Dan: Right.  That is true and if God has determined that, I would be wrong.  I would think that I can but I really can’t.  That was my point about illusion.  Maybe, sometimes, I think I can but I can’t.  But to think that we always think we can do something we can’t; that's wrong.  There’s a difference between seeing a mirage in the desert, every once in a while that will happen, but to take that and say we can never trust our eyes at all would be a bit extreme.  So that’s I would view this.  When I say I can choose chocolate or not, normally, that’s the case.  Sometimes, I might be wrong.  Maybe God has got a heart attack waiting for me.  So I say please give me the chocolate and I don’t end up eating it because I die.  Well, OK, God has a decree that prevented me and I was wrong in that case.  But to take that and extrapolate that everything is an illusion is a bit far fetched. 

TF: It it your impression that the compatiblist position is that everything is an illusion?

Dan:  There are a number of philosophers that do have to go down that road.  But most determinist philosophers now (I am talking about John Martin Fisher those Timpe or  Vivilen’s cite) they just deny the ability to choose otherwise.  What they go for instead is this semi-compatiblism where moral responsibility is compatible with determinism, but they go ahead and drop the ability to do otherwise. 

TF: well the ability to do otherwise wasn’t in any of those dictionary definitions you provided was it?

Dan: What it gives is multiple possibilities, the ability to select between multiple possibilities.  Plural.  So two possibilities, not one.

TF: But it didn’t say the ability to select both of them.  It just said the ability to select from those. 

Dan: From two possibilities, yes.

TF: Yes.  It doesn’t say you have the ability to select both.

Dan: You mean simultaneously, like having your cake and eating it to?  Your right.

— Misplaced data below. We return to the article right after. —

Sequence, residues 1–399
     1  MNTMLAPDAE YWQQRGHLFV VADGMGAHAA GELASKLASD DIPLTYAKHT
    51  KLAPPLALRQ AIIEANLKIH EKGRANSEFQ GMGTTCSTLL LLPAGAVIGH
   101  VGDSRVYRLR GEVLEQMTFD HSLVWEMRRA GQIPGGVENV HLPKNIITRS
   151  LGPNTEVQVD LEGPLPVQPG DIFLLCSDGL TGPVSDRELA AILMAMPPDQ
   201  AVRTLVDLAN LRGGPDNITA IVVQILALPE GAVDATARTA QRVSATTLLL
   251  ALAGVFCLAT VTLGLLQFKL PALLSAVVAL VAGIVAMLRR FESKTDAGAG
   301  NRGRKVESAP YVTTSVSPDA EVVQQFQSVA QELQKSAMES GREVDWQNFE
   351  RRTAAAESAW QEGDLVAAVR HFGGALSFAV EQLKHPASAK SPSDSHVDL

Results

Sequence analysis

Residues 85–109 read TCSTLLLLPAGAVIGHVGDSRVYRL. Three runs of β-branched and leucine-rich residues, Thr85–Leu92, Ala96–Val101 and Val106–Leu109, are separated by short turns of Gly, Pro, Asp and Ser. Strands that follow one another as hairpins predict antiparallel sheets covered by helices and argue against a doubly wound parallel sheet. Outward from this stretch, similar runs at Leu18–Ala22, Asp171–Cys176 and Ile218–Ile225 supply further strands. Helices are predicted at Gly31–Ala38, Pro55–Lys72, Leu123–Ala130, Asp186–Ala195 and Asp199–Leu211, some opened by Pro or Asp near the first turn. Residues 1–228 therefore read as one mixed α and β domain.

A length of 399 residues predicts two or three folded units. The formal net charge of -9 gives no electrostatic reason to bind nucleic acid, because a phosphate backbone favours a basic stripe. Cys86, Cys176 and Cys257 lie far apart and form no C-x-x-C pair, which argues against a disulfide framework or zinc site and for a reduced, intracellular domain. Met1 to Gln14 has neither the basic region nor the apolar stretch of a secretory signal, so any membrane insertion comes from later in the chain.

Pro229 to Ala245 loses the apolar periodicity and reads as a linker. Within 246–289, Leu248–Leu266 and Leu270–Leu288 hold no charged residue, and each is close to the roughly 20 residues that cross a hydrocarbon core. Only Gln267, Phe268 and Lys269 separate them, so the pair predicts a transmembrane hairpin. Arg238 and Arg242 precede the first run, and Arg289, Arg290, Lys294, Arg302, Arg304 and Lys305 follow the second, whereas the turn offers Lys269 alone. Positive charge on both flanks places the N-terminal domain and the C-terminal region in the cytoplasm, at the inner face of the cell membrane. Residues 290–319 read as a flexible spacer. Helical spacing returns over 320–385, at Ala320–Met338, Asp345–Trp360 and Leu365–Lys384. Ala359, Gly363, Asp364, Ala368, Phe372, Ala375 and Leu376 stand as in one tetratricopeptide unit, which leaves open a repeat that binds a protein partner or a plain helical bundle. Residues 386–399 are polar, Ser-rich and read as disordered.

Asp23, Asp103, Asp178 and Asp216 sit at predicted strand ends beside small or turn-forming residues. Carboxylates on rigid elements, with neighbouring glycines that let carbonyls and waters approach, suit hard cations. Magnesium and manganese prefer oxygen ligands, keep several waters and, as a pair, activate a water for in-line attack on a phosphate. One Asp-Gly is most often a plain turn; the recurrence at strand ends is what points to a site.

TF: It doesn’t specify that you have the ability to pick one and the ability to pick the other. 

Dan: It does, not in the sense of two futures realized at the same time. It’s one future or the other, both of which are possible.  That make sense?

TF: It doesn’t actually say, both of which are possible.

Dan: It says they are possibilities.  There are two possibilities. 

TF:  Right, but that’s the same way compatiblists talk.  And that doesn’t imply that both possibilities are both actualizable possibilities.

Dan:   I understand that compatiblists do say those things.  But they mean something very different than the normal sense.  And I explained that.  When I say, you can eat a hot dog if you want to, what I mean is I don’t know if you want to or not.  It’s epistemic uncertainty on my part.  What it is not talking about is, if you have a different desire than you actually have, then you would be able.  So what I am arguing is the sense you are using is NOT the common man sense and the bible was written to the common man. 

TF: And yet the ability to choose otherwise didn’t appear in any of the dictionary definitions you provided; except that you find it implied in the word possibilities.  But your survey suggest that it just means alternatives, in which case, we are back to no real endorsement of libertarian free will in any of the dictionary definitions you provided.

Dan: Well that’s not a question, but as I explained, “alternatives” are basically “possibilities” and I cited 12 and 11 definitions. So two alternatives is about the same as two possibilities.   And my case is based on two possiblities verses one.  You argued that there’s only one possible future given God’s decrees and I am saying the common man meaning of choose means select between possibilities, plural, meaning more than one, not just one.